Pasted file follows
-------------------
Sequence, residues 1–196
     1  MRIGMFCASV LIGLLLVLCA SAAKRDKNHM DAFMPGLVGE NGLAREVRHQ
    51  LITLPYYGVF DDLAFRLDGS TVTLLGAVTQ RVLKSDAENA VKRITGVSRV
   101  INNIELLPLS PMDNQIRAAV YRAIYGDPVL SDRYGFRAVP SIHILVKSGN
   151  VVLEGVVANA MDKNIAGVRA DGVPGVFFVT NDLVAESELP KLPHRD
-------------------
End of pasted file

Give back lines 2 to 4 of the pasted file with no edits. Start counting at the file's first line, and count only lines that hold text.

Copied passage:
     1  MRIGMFCASV LIGLLLVLCA SAAKRDKNHM DAFMPGLVGE NGLAREVRHQ
    51  LITLPYYGVF DDLAFRLDGS TVTLLGAVTQ RVLKSDAENA VKRITGVSRV
   101  INNIELLPLS PMDNQIRAAV YRAIYGDPVL SDRYGFRAVP SIHILVKSGN